Opera in two parts, three acts, in Hungarian, with Hungarian and English surtitles
The text and musical material for the production have been created using both the original and the baritone versions
In 1844, following on the heels of his triumph in the competition to set Ferenc Kölcsey's Himnusz – today the national anthem of Hungary – to music, Ferenc Erkel set about looking at the possibilities for using József Katona's much-attacked drama Bánk bán as the subject for an opera. History made the period of composition a lengthy one: first came the Hungarian War of Independence of 1848/49, and censorship by the dictatorship that followed meant that the audience would have to wait until 9 March 1861 before the work could be performed in its entirety at Pest's National Theatre. As a result of, or in spite of, the high-level additions and revisions, the remarkable aspect of the following performances of the ever-acclaimed Bánk bán is the fact that the text and musical material were created using both the work's original version and the 1939 revision – the one best know to the wider audience – credited to Kálmán Nádasdy. The storyline thus most closely mirrors the thinking of original playwright József Katona, without forcing us to dispense with the now-timeless grand aria "Hazám, hazám" ("My homeland, my homeland").
Setting: Visegrád and the banks of the River Tisza in the early 13th century, during the reign of King Endre II
While King Endre is off at war, Queen Gertrud is entertaining her Meranian retainers with an evening of merrymaking. There, Melinda, the wife of Bánk bán, attracts the eye of the queen's younger brother, Ottó. Petur bán, the leader of the “restive” Hungarian noblemen, looks on the festivities with disdain. The malcontents warn him to be careful and ask him to sing a drinking song. After delivering his resentful song, Peter tells his companions that he has secretly sent a messenger after Bánk to ask him to come back and see, with his own eyes, the double threat looming over the country and his own wife, Melinda.
Melinda reacts coldly to Ottó's public courtship and is appalled to realise that Queen Gertrud herself is willing to support the liaison. Pained, she recalls her earlier happiness with Bánk and hopes for her husband's swift return. Ottó complains about his lack of progress to Biberach, who wishes to make use of the prince for his own designs. Meanwhile, news arrives of the king's victory, and the court celebrates with dancing.
Ottó detains the departing Melinda and resumes his advances. Bánk watches in silence as Ottó kneels before Melinda. He leaves in haste, before he can witness his wife's firm rejection of the prince.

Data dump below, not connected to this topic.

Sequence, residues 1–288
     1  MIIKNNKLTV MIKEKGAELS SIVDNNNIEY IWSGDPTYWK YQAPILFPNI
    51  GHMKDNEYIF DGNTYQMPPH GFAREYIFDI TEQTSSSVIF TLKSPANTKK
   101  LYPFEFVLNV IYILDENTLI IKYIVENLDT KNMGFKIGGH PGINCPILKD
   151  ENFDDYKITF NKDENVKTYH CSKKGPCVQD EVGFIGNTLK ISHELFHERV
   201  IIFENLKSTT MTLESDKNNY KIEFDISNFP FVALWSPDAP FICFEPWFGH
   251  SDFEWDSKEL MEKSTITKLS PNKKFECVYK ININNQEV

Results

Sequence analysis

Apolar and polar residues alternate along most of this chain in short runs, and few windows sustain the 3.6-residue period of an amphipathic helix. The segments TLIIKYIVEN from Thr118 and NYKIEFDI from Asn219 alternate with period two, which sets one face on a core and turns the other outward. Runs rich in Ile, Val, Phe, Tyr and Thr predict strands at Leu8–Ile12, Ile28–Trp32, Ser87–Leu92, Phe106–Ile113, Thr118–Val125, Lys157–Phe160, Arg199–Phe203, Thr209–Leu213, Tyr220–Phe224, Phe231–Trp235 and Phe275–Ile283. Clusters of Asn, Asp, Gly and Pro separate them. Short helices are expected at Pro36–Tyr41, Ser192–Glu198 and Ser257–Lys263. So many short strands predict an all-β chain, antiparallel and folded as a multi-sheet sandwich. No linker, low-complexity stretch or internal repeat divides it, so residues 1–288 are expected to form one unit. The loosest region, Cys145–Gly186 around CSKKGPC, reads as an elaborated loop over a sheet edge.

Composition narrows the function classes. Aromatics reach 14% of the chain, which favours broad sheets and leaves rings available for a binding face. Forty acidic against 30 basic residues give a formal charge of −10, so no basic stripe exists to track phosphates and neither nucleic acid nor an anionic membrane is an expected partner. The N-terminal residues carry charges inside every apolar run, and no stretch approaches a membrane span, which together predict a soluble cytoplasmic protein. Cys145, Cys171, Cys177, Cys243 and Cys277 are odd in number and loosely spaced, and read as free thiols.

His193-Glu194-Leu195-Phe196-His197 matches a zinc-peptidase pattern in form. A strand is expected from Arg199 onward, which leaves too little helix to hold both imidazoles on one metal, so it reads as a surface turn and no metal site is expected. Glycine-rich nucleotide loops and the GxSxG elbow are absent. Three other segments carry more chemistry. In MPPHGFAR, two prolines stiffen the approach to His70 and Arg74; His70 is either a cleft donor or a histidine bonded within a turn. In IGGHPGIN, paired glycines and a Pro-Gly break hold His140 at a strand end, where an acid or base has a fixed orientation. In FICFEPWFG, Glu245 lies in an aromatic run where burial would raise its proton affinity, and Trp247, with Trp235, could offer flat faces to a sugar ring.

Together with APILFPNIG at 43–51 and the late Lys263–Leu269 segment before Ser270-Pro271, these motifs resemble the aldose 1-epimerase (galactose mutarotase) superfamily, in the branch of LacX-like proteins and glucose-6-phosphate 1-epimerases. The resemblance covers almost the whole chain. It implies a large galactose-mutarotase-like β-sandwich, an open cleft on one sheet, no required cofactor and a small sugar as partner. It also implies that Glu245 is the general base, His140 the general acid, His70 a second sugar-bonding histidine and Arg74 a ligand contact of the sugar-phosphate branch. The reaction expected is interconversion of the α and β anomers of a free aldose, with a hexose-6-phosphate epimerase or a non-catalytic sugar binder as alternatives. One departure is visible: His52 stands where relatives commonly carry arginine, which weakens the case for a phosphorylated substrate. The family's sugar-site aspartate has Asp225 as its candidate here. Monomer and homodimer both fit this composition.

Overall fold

Then both Bánk and Ottó ask for advice from Biberach, who gives Ottó various powders (an aphrodisiac for Melinda and a sedative for Gertrud). To Bánk, however, he reveals that Ottó's path thus far has been cleared by the queen herself. After Bánk decides to seek redress from the king, the knight attempts to convince him that he has no chance of success. His heart aching, Bánk thinks of Melinda, while Biberach exults in his approaching victory over Gertrud.
The festivities gradually conclude, and Gertrud dismisses her guests. Longing for Bánk, Melinda is comforted by her retainers. Boldly, she tells the queen that she does not wish for the licence that she has offered, provoking an angry response from Gertrud. Believing Bánk to be far away, the malcontents swear to avenge him.
Bánk arrives, consumed with pain over the country's woes and his own damaged honour. He resolves to approach Gertrud and reveal the country's problems to her. Right then, the elderly peasant Tiborc enters. At first, Bánk takes him for a bandit, but then recognises a scar on the man's head: Tiborc once saved Bánk's life in a long-ago battle. He presses a purse into the haggard man's hand. Biberach arrives with horrible news: Melinda has been dishonoured. Soon, the distraught woman herself appears, on the brink of madness. Bánk curses their child, but Melinda's pleading and the memory of her old beauty and purity compel him to forgive her. He then asks Tiborc to accompany his wife – who is being tormented by an awful vision of a swiftly flying arrow – and their child to his castle on the bank of the Tisza.
In spite of the late hour, Bánk heads for Gertrud's chambers. The queen demands an explanation for his sudden return, while he calls her to account for not even attempting to remedy the country's wounds. After she threatens him with death, Bánk also holds her responsible for Melinda's lost honour. Gertrud curses Bánk, Melinda and Ottó. The latter enters upon hearing his sister's cries for help, but flees at the sight of Bánk. Gertrud draws a dagger, only to be overpowered by Bánk.
A storm overtakes Tiborc, Melinda and her child on the banks of the Tisza. Tiborc urges for them to cross, but Melinda is no longer aware of the world around her. Her own tragedy returns to her in a series of deranged hallucinations of a little bird. She sings a lullaby to her little son and then casts herself into the raging river with the boy in her arms.
In the palace, Endre II and his court are gathered around Gertrud's catafalque. A royal officer reports that he has killed Petur, the queen's murderer. He describes how he found two letters on Gertrud's table, in which both the governor of Illyria and Bánk bán warned her of the danger posed by the faction. Bánk enters and tosses his chain of office, the badge of his authority, onto Gertrud's coffin. He admits to the murder, but will not accept the king's judgement over him. His punishment is delivered not by the king, but by the story told by Tiborc, who has arrived with the bodies of Melinda and their son. He has lost everything. He breaks down and ends his own life.